We urgently need to decide what we mean when we use the terms “clean” and “cleaning”.
In the last few years, the accumulated microbiological and epidemiological data (and prolonged heated debate) has lead us to conclude that environmental surfaces need to be considered alongside hands, laundry etc so on, as part of a multibarrier approach to infection prevention and control in healthcare settings, and hygiene at home. Set against this however, our current approach of “what do we do to these surfaces to break the chain of infection transmission?” is both unscientific, and also highly misleading to the people we need to communicate with. This part of the equation is fast becoming the weak link, preventing us from maximising health benefits from infection prevention and control measures. This really hit home on reading the different contributions to the excellent 2013 AJIC supplement by Rutala and Webber which, on one hand showed just how much our thinking about environmental surface risks has developed, but in many papers “environmental cleaning” was used interchangeably with “environmental disinfection” which made it confusing to know what the writer really meant.
From our IFH experience of home hygiene, we know what happens when advising consumers (or equally, hospital cleaning staff) to “clean” a surface e.g. after preparing raw poultry. They will clean until the visible dirt is gone – and we know that this is not necessarily enough. For the home, we have data showing that after cleaning kitchen surfaces with soap and water following preparation of a chicken (in the UK 60% are contaminated with Campylobacter), surfaces may LOOK squeaky clean, but the Salmonella or Campylobacter is now spread everywhere (and in numbers up to 103 or more). We have similar data for surfaces contaminated with norovirus-containing faecal matter from an infected person (for which the infectious dose may be very small).
As a start, we need a term to advise/communicate “this surface needs to be cleaned to a level that breaks the chain of infection” and we currently have NO way to do this. If we accept that the term “clean” means absence of visible dirt/soil, we need a term to describe “microbiologically safe clean”, not just for consumers or hospital cleaning professionals, but also for communicating with each other as scientists.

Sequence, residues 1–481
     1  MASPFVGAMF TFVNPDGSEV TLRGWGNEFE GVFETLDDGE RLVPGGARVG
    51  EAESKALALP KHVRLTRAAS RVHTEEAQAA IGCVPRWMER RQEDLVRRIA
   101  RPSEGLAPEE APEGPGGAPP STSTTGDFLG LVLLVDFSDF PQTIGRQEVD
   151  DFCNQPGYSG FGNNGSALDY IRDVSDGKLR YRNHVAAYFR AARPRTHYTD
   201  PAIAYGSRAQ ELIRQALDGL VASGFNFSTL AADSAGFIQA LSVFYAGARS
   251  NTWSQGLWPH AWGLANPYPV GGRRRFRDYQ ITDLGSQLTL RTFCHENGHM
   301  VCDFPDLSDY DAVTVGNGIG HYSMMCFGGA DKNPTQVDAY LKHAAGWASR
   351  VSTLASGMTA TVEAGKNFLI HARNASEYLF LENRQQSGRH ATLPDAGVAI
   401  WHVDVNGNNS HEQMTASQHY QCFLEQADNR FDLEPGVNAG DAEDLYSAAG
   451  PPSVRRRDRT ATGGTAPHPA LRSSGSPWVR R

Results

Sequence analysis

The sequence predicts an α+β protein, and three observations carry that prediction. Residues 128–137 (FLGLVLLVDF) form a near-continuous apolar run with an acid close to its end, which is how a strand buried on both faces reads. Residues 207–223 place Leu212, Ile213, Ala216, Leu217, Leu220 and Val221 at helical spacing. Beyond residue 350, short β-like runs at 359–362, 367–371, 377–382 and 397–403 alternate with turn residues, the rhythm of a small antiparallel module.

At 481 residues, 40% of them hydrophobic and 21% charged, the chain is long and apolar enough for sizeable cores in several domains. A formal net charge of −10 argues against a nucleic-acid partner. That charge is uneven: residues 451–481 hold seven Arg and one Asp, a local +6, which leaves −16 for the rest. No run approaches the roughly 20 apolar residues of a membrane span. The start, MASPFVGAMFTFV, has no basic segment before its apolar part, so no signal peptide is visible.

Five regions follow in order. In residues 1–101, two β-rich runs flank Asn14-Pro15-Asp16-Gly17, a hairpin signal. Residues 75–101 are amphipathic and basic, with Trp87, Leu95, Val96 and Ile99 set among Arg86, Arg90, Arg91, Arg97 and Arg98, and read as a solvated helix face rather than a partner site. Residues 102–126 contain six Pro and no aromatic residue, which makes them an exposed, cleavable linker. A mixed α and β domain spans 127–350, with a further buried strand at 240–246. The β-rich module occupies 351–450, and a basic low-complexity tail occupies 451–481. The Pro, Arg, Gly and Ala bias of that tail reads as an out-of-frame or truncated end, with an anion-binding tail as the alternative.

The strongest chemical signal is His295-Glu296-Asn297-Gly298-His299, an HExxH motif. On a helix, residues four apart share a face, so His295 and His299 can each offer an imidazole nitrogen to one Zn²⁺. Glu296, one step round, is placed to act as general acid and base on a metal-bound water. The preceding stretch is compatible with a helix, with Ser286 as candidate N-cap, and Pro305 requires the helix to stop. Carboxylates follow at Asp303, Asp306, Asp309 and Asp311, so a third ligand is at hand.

There is also another common misconception. Some people work on the basis that “clean” means visibly clean, and “microbiologically safe clean” means a chemical or thermal disinfectant has been used. But then how can we communicate that hand washing can make hand surfaces microbiologically safe” without need for a disinfectant. There is a notion that “cleaning” is hygienically inferior to disinfection – but data now shows that the log reduction by handwashing with soap can be equivalent to that achieved by alcohol handrubs if done properly, and you have access to running water. We put much effort into hand hygiene compliance, but relatively little into stressing that handwashing technique to deliver hands which are “fit for purpose” is equally important.
We need to go back to the simple principles of what we are trying to achieve – namely to break the chain of onwards transmission of pathogens by treating surfaces (hands or environmental) to reduce germs to an “acceptable level” i.e. make a surface “fit for purpose”. This can be done in 2/3 ways – removing them, inactivation, or a combination of both. For the last 14 years, IFH has successfully used the word “hygienically clean” to mean “microbiolgically safe”, and “hygienic cleaning” to describe the process to achieve this – which could be soap and water with rinsing – or cleaning disinfection, or a combination of both.
Guest Blogger Bio
Dr Sally Bloomfield is an Honorary Professor at the London School of Hygiene and Tropical Medicine. She is also is the Chairman and Member of the Scientific Advisory Board of the International Scientific Forum on Home Hygiene (IFH). Through these roles Professor Bloomfield continues to develop her work in raising awareness of the importance of home hygiene in preventing the transmission of infectious disease, and developing and promoting home hygiene practice based on sound scientific principles. She is also working to develop understanding of “hygiene issues” such as the “hygiene hypothesis” and “antimicrobial resistance”.
Professor Bloomfield’s background is in healthcare and infectious disease. She has a degree in Pharmacy, and PhD in Pharmaceutical Microbiology from the University of Nottingham. Sally was previously a Senior Lecturer in Pharmaceutical Microbiology at Kings College London (1995 – 1997) and a Hygiene Liaison manager at Unilever Research Port Sunlight UK (1997 – 2001). She has published 100 research and review papers on the subject of home hygiene and the action and mode of action role of antimicrobial agents.